Sections through mouse embryo AERs show a different geometry. It is definitely a thickening, but with some indication of contraction at Both basal and apical surfaces.

Here is a photograph of an oblique, or slanted section through a chicken AER.


The developing tail fins of fish have a similar thickened ridge.


Grafting an extra AER can cause a double wing to form. A mutation in chickens causes double AERs and double wings!

But the AER doesn't itself become any these structures.

It somehow signals to them to form.

There has been much research and several theories on this subject.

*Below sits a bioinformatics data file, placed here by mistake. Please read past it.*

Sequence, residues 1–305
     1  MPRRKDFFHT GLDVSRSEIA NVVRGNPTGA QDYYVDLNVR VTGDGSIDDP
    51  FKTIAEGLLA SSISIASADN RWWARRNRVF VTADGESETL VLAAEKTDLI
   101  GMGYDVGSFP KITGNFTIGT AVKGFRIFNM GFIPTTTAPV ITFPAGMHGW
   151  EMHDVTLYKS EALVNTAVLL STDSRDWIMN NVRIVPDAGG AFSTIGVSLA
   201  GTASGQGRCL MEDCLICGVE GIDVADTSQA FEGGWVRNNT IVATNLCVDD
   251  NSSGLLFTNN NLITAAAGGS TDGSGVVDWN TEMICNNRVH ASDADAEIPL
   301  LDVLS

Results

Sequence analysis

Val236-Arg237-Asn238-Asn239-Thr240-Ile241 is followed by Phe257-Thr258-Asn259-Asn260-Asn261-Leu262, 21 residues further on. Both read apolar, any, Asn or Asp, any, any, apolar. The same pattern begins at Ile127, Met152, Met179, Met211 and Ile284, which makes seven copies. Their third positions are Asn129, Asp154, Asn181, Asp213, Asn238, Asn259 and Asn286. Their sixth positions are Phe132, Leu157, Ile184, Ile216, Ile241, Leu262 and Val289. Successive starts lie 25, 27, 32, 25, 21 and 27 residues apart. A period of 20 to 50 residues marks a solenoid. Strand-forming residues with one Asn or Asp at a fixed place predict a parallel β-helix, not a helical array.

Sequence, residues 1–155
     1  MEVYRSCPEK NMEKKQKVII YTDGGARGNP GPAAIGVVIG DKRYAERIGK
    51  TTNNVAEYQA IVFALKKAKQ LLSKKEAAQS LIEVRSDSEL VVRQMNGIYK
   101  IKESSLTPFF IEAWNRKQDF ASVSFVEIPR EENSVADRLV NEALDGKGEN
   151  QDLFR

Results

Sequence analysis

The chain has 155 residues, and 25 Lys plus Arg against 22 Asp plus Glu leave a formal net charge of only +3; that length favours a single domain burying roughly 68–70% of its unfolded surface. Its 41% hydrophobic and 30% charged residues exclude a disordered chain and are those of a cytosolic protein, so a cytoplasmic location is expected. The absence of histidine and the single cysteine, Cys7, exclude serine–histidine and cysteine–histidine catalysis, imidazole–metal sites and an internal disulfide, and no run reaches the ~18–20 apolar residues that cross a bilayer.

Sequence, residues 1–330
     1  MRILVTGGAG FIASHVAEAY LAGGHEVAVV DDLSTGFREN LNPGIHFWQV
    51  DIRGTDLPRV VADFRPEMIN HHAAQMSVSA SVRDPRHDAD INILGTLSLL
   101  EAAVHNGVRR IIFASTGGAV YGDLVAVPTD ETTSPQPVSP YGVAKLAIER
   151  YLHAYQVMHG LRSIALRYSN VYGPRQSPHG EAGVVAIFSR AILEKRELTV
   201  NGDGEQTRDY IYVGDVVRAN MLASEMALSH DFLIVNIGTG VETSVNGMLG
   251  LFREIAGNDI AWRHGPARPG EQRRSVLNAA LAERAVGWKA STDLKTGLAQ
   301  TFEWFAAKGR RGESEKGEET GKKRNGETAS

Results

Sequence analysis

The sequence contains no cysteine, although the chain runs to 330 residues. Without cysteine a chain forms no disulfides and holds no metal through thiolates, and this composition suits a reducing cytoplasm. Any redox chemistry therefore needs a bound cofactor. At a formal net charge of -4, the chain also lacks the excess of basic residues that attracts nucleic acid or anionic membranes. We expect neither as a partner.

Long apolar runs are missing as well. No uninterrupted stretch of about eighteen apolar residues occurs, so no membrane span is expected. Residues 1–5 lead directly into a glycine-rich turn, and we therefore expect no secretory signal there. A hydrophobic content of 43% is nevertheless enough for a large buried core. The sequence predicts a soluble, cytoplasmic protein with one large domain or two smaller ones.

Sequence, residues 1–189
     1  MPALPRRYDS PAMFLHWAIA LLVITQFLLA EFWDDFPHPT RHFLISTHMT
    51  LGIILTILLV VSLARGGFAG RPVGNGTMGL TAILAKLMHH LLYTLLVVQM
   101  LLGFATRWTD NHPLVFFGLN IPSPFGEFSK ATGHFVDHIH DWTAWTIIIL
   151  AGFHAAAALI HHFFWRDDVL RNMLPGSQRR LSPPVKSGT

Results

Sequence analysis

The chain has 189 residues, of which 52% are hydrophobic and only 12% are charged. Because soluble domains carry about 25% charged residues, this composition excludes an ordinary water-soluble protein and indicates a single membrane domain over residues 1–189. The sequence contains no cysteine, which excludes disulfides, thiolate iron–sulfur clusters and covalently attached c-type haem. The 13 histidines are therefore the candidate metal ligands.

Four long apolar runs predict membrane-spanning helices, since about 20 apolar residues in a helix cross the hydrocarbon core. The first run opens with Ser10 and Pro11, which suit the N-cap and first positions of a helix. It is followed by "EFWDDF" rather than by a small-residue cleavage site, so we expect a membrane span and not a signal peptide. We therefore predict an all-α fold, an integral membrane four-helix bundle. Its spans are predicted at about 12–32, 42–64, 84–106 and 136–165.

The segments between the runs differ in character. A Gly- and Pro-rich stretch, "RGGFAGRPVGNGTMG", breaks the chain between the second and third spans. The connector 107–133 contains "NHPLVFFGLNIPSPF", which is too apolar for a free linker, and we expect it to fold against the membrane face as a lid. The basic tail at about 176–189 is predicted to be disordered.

Fibroblast growth factor 10 seems to be the key signal molecule.

FGF10 can replace the effect of the AER;
If you cut off the AER, & put a bead coated with FGF in its place then the distal limb structures will form more or less normally.

(If anybody has done this with snake embryos, I haven't heard about it!
Probably, snakes still have the genes for legs, and maybe the signal receptors.)

Legless lizards and legless salamanders might also be subject to such experiments.

Another interesting fact is that salamanders (especially newts) are the only kinds of vertebrates that can regenerate cut off legs (more on this in the next lecture), and also are the only kind of vertebrate that don't form an AER.

However, during regeneration of salamander legs, an epithelial thickening is formed at the tip of the regenerating limb stump! This thickening is not elongated, however.

I suggest to you that some big conceptual breakthrough is waiting for you to discover!